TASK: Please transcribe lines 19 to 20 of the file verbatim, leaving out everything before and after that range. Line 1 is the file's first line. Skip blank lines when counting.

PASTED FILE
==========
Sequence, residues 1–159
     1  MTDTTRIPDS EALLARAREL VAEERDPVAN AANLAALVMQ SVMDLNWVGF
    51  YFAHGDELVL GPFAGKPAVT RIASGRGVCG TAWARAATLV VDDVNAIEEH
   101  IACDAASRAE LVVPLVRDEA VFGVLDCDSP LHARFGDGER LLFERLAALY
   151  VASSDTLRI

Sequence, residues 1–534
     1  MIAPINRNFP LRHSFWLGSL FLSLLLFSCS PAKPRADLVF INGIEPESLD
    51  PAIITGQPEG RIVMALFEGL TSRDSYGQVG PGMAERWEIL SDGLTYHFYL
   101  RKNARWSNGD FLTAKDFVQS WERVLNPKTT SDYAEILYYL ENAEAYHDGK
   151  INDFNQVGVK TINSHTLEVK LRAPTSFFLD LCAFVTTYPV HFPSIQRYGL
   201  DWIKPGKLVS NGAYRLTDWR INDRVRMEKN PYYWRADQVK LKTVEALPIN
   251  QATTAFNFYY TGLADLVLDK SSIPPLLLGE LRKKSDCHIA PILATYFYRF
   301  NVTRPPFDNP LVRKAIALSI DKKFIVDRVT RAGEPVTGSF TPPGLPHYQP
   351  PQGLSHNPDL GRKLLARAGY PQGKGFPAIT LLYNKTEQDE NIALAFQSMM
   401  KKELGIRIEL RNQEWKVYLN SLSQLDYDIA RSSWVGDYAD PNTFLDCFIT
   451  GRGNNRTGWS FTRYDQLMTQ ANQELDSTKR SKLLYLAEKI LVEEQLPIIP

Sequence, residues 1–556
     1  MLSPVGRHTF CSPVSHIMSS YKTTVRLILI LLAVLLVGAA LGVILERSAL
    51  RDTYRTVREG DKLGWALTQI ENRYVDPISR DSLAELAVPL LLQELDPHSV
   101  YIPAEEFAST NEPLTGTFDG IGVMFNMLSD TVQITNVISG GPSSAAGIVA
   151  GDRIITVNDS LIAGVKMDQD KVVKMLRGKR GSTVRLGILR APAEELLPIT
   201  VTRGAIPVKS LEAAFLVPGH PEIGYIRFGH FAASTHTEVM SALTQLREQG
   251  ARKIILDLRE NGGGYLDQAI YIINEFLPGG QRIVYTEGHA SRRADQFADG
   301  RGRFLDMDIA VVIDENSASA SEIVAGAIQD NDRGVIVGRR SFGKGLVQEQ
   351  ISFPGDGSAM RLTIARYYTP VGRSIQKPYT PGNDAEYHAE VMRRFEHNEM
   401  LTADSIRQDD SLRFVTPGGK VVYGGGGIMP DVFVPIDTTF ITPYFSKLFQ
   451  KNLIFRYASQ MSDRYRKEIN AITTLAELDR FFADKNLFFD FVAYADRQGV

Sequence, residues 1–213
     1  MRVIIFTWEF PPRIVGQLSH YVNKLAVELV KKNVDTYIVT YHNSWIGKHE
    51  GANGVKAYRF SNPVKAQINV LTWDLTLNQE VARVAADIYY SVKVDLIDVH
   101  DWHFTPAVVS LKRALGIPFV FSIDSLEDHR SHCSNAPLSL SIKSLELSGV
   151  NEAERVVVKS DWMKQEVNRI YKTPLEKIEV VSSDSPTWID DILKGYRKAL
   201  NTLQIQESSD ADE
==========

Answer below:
    51  RDTYRTVREG DKLGWALTQI ENRYVDPISR DSLAELAVPL LLQELDPHSV
   101  YIPAEEFAST NEPLTGTFDG IGVMFNMLSD TVQITNVISG GPSSAAGIVA